A small investment could go a long way with these top tier companies.
With the obvious uncertainty permeating the landscape, it's easy to see why people would want to hang on to most of their hard-earned money.
Unemployment is still near historic highs, and a second round of stimulus checks has been stuck in political limbo. There are even some who believe a perfect storm is brewing that makes a second market crash this year almost inevitable.
Yet even in the face of this uncertainty, investors with a sufficient time horizon can still invest small sums consistently at regular intervals to generate wealth over the long term, particularly if they choose successful companies with a large and growing addressable market. More importantly, you don't need the resources of Warren Buffett or Jeff Bezos in order to prosper.
If you have as little as $500 (or less) in disposable cash that you don't need for immediate expenses or to beef up your emergency fund, buying shares in these companies with incredible growth prospects would be sheer genius.
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The Trade Desk: Disrupting digital advertising
Cord cutting accelerated to record levels last year, as the largest pay-TV providers shed more than 4.9 million customers, marking the largest single-year decline in cable TV history, according to a report by Leichtman Research Group.
The trend has accelerated, as evidenced by losses of 2.87 million in 2018 and 1.49 million in 2017. Advertisers are being forced to reach these consumers in other venues, and that's where The Trade Desk (NASDAQ:TTD) comes in.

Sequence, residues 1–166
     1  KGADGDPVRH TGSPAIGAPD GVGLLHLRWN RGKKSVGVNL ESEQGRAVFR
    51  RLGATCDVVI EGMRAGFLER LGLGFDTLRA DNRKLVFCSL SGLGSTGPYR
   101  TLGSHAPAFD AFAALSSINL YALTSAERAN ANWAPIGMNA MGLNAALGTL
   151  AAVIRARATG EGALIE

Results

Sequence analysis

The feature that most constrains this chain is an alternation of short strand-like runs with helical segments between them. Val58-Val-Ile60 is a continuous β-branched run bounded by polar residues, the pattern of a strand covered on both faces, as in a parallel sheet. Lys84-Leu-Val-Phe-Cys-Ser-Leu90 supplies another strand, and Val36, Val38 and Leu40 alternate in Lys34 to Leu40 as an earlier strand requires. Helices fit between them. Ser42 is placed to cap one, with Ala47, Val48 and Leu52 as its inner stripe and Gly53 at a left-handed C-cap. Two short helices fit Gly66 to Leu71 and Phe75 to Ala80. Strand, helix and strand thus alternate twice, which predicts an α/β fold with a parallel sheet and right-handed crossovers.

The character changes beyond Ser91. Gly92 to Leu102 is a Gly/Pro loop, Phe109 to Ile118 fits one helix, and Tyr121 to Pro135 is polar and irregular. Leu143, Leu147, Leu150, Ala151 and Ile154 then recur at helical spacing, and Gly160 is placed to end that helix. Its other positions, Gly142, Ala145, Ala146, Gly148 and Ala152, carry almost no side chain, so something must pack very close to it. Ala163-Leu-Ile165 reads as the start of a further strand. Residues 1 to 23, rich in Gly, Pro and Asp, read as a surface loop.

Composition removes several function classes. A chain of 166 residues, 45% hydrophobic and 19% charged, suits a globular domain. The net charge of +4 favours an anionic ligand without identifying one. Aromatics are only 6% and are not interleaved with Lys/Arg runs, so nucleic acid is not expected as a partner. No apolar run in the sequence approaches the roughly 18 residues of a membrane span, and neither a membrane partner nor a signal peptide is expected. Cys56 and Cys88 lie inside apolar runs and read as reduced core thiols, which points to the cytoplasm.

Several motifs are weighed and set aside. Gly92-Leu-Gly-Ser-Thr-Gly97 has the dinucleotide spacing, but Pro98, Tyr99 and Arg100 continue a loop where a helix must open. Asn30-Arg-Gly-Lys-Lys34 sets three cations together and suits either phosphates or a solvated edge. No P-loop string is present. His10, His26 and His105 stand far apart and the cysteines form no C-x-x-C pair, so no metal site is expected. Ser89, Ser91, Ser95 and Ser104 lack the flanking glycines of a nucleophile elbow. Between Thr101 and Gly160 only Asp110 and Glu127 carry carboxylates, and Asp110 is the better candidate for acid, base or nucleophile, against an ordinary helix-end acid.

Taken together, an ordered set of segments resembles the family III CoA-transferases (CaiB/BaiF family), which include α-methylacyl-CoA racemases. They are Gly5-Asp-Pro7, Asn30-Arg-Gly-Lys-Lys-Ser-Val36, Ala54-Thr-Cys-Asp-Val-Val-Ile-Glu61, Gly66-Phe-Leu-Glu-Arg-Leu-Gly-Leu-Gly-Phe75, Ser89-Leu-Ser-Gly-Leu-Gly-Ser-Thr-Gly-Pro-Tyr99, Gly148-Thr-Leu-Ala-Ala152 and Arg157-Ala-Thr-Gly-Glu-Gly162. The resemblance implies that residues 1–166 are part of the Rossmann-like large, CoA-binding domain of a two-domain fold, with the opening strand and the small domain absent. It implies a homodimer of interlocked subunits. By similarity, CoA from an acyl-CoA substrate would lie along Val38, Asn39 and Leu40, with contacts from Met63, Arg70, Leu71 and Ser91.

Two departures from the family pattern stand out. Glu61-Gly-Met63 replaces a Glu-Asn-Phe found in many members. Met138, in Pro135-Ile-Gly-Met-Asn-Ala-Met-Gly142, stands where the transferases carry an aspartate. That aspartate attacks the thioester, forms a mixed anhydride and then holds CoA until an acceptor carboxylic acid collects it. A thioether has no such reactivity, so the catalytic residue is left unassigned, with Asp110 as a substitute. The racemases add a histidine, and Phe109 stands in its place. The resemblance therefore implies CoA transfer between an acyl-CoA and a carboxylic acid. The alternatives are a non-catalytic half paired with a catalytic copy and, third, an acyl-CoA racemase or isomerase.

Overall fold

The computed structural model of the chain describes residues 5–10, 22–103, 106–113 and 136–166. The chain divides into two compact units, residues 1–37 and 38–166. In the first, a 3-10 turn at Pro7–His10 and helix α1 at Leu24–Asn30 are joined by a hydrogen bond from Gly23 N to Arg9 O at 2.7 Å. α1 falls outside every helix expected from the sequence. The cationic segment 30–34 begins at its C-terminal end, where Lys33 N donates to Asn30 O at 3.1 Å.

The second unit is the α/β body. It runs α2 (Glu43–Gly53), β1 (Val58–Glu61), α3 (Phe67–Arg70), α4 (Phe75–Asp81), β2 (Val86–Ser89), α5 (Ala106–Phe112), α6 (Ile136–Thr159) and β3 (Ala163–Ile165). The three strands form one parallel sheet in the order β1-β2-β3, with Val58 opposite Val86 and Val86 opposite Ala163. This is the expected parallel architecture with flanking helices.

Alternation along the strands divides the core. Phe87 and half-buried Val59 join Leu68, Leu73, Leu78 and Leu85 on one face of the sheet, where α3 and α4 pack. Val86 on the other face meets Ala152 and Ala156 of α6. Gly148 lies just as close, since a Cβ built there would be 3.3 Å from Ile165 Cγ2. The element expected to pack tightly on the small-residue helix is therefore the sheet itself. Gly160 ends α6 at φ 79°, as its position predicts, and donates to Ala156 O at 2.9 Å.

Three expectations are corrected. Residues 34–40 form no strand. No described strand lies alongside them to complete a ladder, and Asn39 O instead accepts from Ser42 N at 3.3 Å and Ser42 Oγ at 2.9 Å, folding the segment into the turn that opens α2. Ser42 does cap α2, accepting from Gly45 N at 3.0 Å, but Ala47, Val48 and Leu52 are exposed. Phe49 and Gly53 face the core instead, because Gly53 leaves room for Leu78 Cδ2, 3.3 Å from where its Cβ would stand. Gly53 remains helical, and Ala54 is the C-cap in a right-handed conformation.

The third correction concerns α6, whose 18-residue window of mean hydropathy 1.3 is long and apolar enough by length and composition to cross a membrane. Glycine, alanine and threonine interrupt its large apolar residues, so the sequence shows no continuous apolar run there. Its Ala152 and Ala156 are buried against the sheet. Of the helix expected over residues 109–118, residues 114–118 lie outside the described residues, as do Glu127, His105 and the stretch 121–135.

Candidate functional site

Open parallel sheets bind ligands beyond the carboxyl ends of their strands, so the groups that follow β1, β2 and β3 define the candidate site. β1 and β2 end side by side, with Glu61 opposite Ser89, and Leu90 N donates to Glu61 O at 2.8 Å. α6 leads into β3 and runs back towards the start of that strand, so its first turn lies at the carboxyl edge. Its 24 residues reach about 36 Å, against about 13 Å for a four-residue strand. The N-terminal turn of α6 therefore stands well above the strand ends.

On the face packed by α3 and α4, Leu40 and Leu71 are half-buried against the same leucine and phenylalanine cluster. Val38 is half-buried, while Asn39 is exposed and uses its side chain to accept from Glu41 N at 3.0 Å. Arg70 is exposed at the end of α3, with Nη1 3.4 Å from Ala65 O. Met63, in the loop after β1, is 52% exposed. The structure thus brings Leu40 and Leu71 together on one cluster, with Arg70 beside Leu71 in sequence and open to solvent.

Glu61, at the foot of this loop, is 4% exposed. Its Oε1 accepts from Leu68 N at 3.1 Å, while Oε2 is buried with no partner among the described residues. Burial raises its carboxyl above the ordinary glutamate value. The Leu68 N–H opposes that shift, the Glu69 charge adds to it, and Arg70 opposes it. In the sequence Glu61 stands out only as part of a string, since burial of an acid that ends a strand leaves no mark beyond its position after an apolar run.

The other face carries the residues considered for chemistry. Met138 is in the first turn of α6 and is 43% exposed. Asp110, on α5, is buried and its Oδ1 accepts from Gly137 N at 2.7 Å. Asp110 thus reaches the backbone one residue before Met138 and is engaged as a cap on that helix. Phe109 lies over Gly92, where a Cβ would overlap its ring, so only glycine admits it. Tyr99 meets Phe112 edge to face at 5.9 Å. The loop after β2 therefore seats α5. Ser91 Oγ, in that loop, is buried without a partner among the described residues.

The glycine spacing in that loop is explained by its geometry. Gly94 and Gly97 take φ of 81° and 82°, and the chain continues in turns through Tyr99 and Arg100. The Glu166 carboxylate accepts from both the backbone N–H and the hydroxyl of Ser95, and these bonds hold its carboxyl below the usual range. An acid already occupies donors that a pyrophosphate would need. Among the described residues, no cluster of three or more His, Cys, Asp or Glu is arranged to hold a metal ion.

The company is a leader in programmatic advertising, a small but quickly growing segment of digital advertising. The Trade Desk developed a cutting-edge platform that can process 9 million ad impressions and quadrillions of permutations each second to ensure the ad is viewed by its target market.
The Trade Desk's channel-agnostic approach is evident in its fastest growing channels last year. Audio revenue grew 185% year over year in 2019, while connected TV climbed 137%. Mobile in-app and mobile video also shined, jumping 67% and 50%, respectively.
The pandemic has crimped marketing budgets this year, denting The Trade Desk's results, but the company still generated revenue gains for the first half of 2020. Advertisers are looking for more bang for their buck and many are giving The Trade Desk a whirl for the first time. Given the company's ability to target the right consumers, these new advertisers will likely stick around, especially considering the company's 95% customer retention rate, which has held steady for the past five years.
The Trade Desk had revenue of $661 million last year, a drop in the bucket compared to the $29 billion spent on programmatic advertising market in 2019. That illustrates just how far this innovator has yet to grow.
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PayPal: The early stages of the digital payments revolution